Archive January 2019 XX, No. 1

Call in the Big Guns to Deal With Small Pupils

These drugs and devices promise to take the challenge out of the challenging cataract cases.

Daniel Cook

Daniel Cook, Executive Editor


Jeffrey Whitman, MD
OPENING UP Most surgeons routinely use a topical or intracameral medication to keep pupils dilated throughout surgery.

Small pupils are a sizable concern for your cataract surgeons. They increase the risk of serious complications, including damage to the iris, capsular tears, vitreous loss, and retained lens fragments and cortical material. It’s estimated that about 10% of cataract patients are at risk of intraoperative miosis, so chances are your surgeons will have to deal with the issue at least once during a busy day of surgery. Thankfully, there are several drugs and devices that will dilate pupils wide enough to give physicians the views they need to perform safe and effective surgery. Here’s a rundown.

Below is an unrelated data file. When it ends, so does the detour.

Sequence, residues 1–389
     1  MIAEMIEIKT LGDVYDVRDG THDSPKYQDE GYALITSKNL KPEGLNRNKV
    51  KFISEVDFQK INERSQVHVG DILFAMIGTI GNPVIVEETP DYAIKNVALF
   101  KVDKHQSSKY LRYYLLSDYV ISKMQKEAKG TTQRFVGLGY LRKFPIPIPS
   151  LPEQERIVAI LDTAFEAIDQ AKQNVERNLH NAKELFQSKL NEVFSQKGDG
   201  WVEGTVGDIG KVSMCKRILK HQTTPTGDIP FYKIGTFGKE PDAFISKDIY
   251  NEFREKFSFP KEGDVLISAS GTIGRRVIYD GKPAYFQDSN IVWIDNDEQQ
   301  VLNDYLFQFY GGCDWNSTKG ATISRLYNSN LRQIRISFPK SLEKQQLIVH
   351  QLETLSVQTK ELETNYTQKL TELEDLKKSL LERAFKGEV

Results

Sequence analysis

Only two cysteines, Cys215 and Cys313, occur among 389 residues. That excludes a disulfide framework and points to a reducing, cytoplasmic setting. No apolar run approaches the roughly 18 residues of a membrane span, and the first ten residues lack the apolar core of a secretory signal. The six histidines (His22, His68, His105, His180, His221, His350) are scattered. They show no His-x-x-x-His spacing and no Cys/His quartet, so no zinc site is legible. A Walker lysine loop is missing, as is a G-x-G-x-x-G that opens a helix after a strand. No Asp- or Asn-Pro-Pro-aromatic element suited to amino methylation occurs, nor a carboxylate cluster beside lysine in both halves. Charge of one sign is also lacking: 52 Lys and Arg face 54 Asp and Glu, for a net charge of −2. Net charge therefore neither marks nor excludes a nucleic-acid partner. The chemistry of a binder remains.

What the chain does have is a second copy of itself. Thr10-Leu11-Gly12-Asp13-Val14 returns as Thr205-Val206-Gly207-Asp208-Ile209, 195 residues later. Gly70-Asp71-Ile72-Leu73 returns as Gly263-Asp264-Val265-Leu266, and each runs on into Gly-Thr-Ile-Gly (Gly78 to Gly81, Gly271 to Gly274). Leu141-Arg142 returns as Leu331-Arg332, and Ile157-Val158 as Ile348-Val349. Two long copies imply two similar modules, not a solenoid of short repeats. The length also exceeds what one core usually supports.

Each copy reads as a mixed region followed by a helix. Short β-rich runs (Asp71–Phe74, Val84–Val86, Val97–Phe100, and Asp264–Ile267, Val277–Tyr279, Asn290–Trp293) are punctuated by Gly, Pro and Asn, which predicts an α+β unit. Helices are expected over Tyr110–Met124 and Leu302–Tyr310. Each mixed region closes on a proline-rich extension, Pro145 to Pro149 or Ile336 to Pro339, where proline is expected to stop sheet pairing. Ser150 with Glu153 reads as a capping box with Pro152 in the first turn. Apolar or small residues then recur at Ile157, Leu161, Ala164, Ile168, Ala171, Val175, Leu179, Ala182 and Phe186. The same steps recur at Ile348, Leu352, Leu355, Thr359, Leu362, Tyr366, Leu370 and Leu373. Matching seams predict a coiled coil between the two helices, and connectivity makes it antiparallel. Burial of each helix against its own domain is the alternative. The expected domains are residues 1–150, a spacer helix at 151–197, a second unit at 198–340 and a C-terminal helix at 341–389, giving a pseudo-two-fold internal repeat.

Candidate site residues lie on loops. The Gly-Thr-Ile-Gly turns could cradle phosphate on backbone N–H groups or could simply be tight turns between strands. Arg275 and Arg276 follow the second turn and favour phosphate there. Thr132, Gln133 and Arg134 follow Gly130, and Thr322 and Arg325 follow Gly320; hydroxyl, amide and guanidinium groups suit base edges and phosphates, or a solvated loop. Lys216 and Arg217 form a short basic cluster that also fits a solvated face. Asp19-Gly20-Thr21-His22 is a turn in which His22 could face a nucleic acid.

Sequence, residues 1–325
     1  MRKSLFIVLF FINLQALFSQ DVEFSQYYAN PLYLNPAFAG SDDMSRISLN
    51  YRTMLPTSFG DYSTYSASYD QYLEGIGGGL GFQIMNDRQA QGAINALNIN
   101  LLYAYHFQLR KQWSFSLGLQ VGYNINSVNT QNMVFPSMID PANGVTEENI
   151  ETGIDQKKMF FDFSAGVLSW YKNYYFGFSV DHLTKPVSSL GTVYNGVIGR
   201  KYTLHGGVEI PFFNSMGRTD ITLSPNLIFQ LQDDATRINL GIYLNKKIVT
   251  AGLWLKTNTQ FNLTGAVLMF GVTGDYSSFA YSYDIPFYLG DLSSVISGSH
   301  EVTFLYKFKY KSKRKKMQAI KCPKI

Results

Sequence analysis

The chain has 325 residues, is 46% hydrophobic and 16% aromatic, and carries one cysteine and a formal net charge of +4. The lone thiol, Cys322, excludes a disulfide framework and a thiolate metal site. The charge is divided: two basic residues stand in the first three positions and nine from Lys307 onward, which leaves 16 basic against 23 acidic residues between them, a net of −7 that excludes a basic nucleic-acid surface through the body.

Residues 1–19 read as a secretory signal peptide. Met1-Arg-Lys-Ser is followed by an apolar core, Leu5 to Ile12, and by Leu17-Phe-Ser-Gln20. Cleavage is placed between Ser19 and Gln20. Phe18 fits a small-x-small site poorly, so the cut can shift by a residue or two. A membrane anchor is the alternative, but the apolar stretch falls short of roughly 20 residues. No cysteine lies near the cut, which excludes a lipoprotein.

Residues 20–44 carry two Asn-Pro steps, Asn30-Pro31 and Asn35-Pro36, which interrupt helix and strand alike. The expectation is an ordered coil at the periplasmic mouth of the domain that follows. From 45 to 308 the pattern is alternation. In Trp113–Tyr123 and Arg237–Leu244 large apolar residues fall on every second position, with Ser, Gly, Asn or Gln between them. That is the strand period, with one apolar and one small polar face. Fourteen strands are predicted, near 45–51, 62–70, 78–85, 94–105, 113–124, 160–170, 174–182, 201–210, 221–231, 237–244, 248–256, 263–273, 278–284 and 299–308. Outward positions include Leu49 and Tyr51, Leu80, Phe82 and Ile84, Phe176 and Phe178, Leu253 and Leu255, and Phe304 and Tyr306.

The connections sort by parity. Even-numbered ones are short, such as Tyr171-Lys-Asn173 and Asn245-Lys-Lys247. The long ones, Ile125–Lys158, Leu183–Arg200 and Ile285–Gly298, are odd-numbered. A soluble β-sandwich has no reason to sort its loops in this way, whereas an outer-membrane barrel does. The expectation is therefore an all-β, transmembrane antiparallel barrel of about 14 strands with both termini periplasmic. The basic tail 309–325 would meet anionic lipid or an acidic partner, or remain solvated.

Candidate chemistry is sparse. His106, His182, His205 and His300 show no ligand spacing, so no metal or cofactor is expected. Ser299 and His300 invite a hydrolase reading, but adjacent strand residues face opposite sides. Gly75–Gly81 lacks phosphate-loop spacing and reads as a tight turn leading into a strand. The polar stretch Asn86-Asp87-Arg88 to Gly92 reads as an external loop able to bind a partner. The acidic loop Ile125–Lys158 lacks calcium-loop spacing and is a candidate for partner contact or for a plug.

Mydriatic agents

Pharmaceutical options for maintaining pupil dilation do not involve the mechanical manipulation of the iris, so there’s less risk of cystoid macular edema developing after surgery, says Rex Hamilton, MD, MS, FACS, a cataract and refractive surgeon at Santa Monica (Calif.) Eye Medical Group. Dr. Hamilton says most surgeons routinely use topical or intracameral agents to create intraoperative mydriasis, but differ in their drugs of choice. He typically injects Shugarcaine (a lidocaine-epinephrine compound) to keep pupils dilated.

Lidocaine provides anesthetic comfort and also paralyzes the pupil’s sphincter muscle, causing the pupil to open wide, says Kevin Miller, MD, chief of the cataract and refractive surgery division at the David Geffen School of Medicine at UCLA. Shugarcaine stimulates the pupil’s dilator muscle, which also helps to maintain pupil dilation, he adds.

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